Author: | Wojciech Muła |
---|---|

Added on: | 2008-06-21 |

Updated on: | 2016-05-03 (Dmitry Petrov noticed that alpha can have better resolution; new SWAR code; updated results for Core i5)
2016-03-02 (results from Core i5),
2015-12-26 (instruction pmaddubsw was introduced by
SSSE3, not SSE4; thanks a lot Harold!) |

Contents

Image crossfading is a kind of alpha blending where a final pixel is the result of linear interpolation of pixels from two images:

result_pixel = pixel1 * alpha + pixel2 * (1 - alpha)

where alpha lie in range [0, 1]. Of course when operating on "pixels" color components are considered; components are unsigned bytes.

SSSE3 introduced instruction `PMADDUBSW`. This instruction multiply
a destination vector of **unsigned** **bytes** by a source vector of
**signed** **bytes** — the result is a vector of signed words. Then
adjacent words are added with **signed** saturation (the same operation
as `PHADDSW`).

This is exactly what crossafading needs.

The obvious drawback is that instruction operates on signed values.
Because `alpha` must be positive, this reduces resolution of alpha from 8
to 7 bits. (was: *Because multiplication results are signed and then added,
the sum must not be greater than 32767 — this requirement reduces
resolution by another bit. Finally alpha must lie in range [0..63].*)
Dmitry Petrov pointed out that alpha can be a 7-bit value, as such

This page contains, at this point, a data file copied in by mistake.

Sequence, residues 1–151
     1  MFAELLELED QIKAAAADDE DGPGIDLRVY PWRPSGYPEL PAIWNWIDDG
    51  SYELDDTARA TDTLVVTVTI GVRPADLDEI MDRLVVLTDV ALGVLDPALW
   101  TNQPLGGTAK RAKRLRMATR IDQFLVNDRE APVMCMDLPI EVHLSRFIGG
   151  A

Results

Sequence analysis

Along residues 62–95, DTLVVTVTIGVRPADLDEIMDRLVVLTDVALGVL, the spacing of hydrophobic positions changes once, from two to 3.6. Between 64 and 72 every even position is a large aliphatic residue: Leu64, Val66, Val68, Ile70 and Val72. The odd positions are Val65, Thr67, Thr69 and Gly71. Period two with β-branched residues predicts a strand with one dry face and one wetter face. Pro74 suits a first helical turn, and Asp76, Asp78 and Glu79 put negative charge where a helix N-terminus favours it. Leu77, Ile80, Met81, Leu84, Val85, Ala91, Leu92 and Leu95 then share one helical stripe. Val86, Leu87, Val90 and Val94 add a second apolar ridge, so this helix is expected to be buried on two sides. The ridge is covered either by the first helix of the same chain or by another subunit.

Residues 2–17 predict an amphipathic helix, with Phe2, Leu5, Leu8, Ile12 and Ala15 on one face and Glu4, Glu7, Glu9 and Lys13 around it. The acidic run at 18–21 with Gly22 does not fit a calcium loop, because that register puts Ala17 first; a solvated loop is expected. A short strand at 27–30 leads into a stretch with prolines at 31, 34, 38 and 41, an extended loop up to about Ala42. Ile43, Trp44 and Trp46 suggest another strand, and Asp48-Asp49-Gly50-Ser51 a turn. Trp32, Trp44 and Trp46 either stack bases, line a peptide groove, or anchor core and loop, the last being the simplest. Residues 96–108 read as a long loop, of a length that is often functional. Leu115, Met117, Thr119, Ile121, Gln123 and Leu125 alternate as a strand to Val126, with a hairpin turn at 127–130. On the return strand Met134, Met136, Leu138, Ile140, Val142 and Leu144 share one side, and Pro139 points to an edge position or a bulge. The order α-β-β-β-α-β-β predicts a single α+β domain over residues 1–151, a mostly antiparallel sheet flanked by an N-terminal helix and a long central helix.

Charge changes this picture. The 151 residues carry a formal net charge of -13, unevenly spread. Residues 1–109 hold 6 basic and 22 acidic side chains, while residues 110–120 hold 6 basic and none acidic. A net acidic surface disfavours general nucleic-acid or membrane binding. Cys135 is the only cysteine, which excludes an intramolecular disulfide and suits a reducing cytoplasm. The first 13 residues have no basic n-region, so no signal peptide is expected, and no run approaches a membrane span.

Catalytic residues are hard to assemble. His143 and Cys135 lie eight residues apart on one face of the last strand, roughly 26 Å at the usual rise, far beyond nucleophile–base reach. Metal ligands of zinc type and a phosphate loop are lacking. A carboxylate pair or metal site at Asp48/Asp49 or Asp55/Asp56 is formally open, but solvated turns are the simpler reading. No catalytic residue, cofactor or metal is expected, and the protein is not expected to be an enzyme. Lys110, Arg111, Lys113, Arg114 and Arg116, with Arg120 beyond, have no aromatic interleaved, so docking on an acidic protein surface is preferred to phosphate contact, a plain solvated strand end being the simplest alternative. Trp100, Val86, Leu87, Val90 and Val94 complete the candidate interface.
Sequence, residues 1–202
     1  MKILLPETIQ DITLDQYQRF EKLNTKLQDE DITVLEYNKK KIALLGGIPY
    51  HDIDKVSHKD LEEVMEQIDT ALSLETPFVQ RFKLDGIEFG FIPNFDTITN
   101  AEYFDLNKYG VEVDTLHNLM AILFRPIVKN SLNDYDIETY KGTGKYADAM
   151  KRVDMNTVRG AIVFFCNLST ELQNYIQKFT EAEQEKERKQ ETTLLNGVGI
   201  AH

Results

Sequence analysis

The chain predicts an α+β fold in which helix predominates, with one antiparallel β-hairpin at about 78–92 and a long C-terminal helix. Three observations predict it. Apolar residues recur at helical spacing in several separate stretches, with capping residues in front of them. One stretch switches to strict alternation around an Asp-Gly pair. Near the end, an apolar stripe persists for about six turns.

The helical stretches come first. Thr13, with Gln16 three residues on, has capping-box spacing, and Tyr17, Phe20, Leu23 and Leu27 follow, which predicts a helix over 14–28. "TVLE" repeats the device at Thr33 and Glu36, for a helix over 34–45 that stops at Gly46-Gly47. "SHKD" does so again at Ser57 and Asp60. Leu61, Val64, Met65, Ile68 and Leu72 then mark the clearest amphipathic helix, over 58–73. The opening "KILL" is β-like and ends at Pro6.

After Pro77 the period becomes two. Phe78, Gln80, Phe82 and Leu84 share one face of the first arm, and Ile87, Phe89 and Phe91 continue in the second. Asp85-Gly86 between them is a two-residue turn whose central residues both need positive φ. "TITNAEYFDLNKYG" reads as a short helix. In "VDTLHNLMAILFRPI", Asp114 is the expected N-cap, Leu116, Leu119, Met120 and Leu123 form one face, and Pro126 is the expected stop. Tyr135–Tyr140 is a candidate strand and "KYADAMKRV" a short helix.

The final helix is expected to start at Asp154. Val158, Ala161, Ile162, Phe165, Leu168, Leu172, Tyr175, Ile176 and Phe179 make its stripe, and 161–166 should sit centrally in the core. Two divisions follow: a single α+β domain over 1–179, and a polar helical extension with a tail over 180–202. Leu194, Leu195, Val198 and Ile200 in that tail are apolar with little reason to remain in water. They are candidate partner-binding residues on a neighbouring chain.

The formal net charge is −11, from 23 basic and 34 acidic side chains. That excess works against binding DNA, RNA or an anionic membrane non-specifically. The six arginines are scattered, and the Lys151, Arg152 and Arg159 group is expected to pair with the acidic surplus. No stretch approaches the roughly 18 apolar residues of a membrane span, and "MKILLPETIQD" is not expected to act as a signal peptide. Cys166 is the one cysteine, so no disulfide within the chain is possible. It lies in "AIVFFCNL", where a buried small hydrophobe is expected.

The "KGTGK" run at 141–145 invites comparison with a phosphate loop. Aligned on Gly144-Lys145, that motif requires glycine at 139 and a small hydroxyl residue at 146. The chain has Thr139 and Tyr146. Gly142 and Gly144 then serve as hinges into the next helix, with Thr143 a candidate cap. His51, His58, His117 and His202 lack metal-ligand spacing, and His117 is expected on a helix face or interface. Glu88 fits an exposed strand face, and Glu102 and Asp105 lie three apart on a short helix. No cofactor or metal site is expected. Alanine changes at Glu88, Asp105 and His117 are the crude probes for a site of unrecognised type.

value never cause an overflow. Let's assume that both `pixel1` and
`pixel2` have maximum value, and check if following inequality is true:

(1) 255 * alpha + 255 * (127 - alpha) < 2^15 - 1 (2) 255 * 127 < 2^15 - 1 (3) 32385 < 32767

Obviously the inequality is true.

Prepare constant vector of

`127*alpha`/`127*(1-alpha)`:xmm6 = packed_byte(alpha, 127-alpha, alpha, 127-alpha, ..., alpha, 127-alpha)

Load 16 components from images X and Y:

movdqa (%eax), %xmm0 // xmm0 = packed_byte(rX1, gX1, bX1, _, rX2, gX2, bX2, _, ...) movdqa (%ebx), %xmm1 // xmm1 = packed_byte(rY1, gY1, bY1, _, rY2, gY2, bY2, _, ...)

Interleave components:

movdqa %xmm0, %xmm2 punpcklbw %xmm1, %xmm0 // xmm0 = packed_byte(rX1, rY1, gX1, gY1, bX1, bY2, ...) punpcklbw %xmm1, %xmm2 // xmm2 = packed_byte(rX8, rY8, gX10, gY10, bX11, bY11, ...)

Interpolate components with

`PMADDUBSW`:pmaddubsw %xmm6, %xmm0 // xmm0 = packed_byte(127*((rX1 * alpha) + rY1*(1 - alpha)), ...) pmaddubsw %xmm6, %xmm2 // xmm2 = packed_byte(127*((rX8 * alpha) + rY8*(1 - alpha)), ...)

Divide by 64 — now all words lie in range

`[0..255]`:psrlw $16, %xmm0 // xmm0 = packed_byte((rX1 * alpha) + rY1*(1 - alpha), ...) psrlw $16, %xmm2 // xmm2 = packed_byte((rX8 * alpha) + rY8*(1 - alpha), ...)

Pack words to bytes and save result:

packuswb %xmm2, %xmm0 movdqa %xmm0, (%ecx)

goto 2

Crossfading using SWAR approach is possible and on 64-bit machines is pretty fast. The core SWAR idea is to perform 4 multiplications using single multiplication instruction. When a register has following byte layout:

[00aa|00bb|00cc|00dd]

then multiplication by value in range [0..255] yields a vector of four 16-bit values.

Load four pixels: